Raid Hits Raw Nerve
MIAMI — Christian leaders strongly objected to U.S. Attorney General Janet Reno for ordering the armed seizure of Elian Gonzalez over Easter weekend.
“They are atheists. They don't believe in God,” said Miami Mayor Joe Carollo of the raid on April 22 — Holy Saturday.
Patrick Scully, spokesman for the Catholic League for Religious and Civil Rights, said the timing of the assault was “abhorrent.”
“The same president who held off the bombing of Iraq because of the Muslim holiday of Ramadan was not phased that this was the holiest weekend on the Catholic and Christian calendar,” said Scully.
Armed federal agents used pepper spray to disperse a crowd outside the house of Elian's relatives in Miami during the 5:15 a.m. raid. News reports said agents burst into the house, shouting obscenities — “Where's the [expletive] kid?”
An agent then broke down Elian's bedroom door and wielded an automatic rifle at the boy, who was held by Donato Dalrymple, the fisherman who had rescued him from the sea. During the raid, agents also knocked over a statue of the Blessed Mother.
“This is a day of shame,” said Charles Donovan, executive vice president of the Family Research Council. “Americans will never forget, the world will long remember the dark day when armed men brutalized a child. An investigation of the pre-dawn raid in Miami is in order.”
U.S. Senator Bob Graham, a Florida Democrat, said he had been assured that there would be no nighttime raid.
“The president of the United States made that commitment to me, that there would be no taking of this child at night,” said Graham at the press conference.
The Justice Department didn't return calls for comment.
In a statement made the day of the raid, President Clinton said:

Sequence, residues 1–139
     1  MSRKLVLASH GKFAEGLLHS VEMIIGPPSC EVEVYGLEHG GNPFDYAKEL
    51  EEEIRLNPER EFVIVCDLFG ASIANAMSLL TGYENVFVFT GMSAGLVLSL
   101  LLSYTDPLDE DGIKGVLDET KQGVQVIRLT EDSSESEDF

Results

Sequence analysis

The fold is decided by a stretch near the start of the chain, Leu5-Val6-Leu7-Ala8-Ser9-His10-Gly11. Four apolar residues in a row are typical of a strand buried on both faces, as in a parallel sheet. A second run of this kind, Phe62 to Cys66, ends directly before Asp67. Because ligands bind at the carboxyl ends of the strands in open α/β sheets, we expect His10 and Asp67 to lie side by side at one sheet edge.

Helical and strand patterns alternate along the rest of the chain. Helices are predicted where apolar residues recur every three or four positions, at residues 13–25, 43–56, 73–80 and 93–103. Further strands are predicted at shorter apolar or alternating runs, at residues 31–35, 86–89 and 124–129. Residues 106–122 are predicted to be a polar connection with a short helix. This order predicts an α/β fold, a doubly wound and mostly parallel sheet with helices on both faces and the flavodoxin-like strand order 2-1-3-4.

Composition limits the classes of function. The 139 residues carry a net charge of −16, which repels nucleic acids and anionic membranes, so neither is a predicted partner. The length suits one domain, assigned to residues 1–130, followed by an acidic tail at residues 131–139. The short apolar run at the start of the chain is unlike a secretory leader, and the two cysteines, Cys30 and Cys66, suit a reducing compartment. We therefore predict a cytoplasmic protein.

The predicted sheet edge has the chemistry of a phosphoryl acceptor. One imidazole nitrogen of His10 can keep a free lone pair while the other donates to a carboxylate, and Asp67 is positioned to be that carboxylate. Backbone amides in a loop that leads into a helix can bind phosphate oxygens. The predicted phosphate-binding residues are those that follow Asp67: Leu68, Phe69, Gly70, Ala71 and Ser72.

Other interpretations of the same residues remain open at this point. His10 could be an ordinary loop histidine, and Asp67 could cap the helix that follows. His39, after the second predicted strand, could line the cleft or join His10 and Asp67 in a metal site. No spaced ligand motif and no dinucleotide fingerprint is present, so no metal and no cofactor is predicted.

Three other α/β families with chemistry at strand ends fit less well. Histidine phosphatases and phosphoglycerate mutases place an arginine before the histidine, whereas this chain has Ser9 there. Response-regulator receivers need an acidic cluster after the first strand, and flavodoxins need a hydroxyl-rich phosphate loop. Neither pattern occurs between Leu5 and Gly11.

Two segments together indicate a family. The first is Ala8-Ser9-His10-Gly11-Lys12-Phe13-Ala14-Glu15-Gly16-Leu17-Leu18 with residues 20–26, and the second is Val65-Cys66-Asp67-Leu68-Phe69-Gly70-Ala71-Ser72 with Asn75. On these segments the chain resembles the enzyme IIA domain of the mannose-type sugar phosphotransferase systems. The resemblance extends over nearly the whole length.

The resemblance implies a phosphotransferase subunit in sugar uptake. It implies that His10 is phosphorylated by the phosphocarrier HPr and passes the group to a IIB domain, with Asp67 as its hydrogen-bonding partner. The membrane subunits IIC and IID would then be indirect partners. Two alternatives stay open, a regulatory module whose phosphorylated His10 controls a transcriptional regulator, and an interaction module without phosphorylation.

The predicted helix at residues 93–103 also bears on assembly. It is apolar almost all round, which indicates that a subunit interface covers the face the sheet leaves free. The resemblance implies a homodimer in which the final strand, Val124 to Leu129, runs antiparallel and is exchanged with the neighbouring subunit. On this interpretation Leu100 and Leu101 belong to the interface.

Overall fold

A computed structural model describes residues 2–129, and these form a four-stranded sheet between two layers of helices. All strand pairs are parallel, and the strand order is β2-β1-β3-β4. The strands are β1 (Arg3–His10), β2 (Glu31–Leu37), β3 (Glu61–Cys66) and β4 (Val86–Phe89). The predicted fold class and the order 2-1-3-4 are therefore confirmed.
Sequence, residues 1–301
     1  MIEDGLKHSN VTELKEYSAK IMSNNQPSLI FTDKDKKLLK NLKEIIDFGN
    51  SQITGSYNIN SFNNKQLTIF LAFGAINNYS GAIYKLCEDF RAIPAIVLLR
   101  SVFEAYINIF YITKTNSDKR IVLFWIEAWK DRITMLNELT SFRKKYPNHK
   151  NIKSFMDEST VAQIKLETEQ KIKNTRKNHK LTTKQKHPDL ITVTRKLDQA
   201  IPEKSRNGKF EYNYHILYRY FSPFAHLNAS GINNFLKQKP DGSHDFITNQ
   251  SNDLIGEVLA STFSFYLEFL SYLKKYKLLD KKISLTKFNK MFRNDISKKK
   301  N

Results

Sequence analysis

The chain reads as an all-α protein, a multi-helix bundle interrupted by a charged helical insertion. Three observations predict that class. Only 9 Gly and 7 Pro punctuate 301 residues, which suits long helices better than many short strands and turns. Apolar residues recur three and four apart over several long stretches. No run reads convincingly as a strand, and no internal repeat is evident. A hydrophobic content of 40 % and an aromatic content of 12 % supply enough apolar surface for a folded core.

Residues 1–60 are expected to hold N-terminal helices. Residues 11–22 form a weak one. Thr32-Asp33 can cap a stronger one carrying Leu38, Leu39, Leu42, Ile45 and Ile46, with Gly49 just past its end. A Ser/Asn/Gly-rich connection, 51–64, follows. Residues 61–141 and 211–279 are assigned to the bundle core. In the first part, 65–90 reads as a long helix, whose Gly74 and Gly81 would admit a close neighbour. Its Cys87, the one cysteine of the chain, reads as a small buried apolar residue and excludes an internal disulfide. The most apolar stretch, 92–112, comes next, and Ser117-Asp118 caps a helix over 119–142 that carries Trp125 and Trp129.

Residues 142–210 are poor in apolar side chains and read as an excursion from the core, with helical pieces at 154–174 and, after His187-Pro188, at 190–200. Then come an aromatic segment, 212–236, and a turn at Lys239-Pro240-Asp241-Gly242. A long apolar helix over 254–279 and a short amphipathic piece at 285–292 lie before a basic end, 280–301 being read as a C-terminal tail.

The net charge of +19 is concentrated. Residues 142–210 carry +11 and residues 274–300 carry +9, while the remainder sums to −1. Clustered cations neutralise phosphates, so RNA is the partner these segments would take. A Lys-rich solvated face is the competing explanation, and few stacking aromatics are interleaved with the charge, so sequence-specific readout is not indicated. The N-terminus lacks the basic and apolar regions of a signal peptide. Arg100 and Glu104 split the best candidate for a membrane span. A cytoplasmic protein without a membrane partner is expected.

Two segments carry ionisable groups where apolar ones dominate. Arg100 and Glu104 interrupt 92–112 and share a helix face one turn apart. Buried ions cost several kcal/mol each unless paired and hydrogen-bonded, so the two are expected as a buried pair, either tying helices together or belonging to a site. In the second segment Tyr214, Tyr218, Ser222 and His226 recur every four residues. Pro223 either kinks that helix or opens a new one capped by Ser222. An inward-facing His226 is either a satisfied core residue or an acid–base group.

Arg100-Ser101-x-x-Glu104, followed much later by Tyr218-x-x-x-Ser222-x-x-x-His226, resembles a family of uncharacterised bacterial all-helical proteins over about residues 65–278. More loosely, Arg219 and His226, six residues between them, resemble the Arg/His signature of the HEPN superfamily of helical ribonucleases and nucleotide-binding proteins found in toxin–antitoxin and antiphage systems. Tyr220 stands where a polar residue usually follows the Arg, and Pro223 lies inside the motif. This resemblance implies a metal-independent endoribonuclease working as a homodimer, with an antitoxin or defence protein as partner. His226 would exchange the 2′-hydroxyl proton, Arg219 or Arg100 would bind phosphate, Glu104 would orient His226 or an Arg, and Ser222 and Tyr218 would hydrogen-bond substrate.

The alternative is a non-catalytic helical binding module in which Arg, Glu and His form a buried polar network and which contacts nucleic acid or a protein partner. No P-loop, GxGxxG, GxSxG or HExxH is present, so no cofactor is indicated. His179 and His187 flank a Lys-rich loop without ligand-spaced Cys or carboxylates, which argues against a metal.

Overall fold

“The Department of Justice, under the leadership of Attorney General Reno, went to great lengths to negotiate a voluntary transfer.
Even yesterday, the attorney general worked very hard on this late into the night, showing great restraint, patience and compassion. When all efforts failed, there was no alternative but to enforce the decision of the INS and a federal court that Juan Miguel Gonzalez should have custody of his son. The law has been upheld, and that was the right thing to do.”
Elian was rescued off the Florida coast on Thanksgiving Day after the boat he was in capsized and sunk. His mother and several other Cubans in the boat died. Until the raid by federal agents, Elian had been living with relatives in Miami since the rescue. His father was seeking custody of the child to return with him to Cuba.
In a sharply worded essay before the raid in the Boston Globe, Cardinal Bernard Law had called on those involved in the Elian Gonzalez case to “let the circus end and allow the return of Elian to his father.”
“Enough ink has been spilled on the complexity of this case,” he wrote. “For me, it is rather the simplicity of the case which is so overwhelming. … Absent clear evidence of the father's unsuitability as a parent, Elian belongs with his father.”
Cardinal Law's comments appeared on the op-ed page of the Globe April 19, as Elian's Miami relatives continued to press a court appeal in their fight against a federal order to yield custody of the child.
Essayist Peggy Noonan believed that the timing was no accident.
“The quaint Catholics of Little Havana would be lulled into a feeling of safety; most of the country would be distracted by family gettogethers and feasts,” wrote Noonan in The Wall Street Journal. “It was to the Clinton administration, a sensible time to break down doors.”
- April 30-May 6, 2000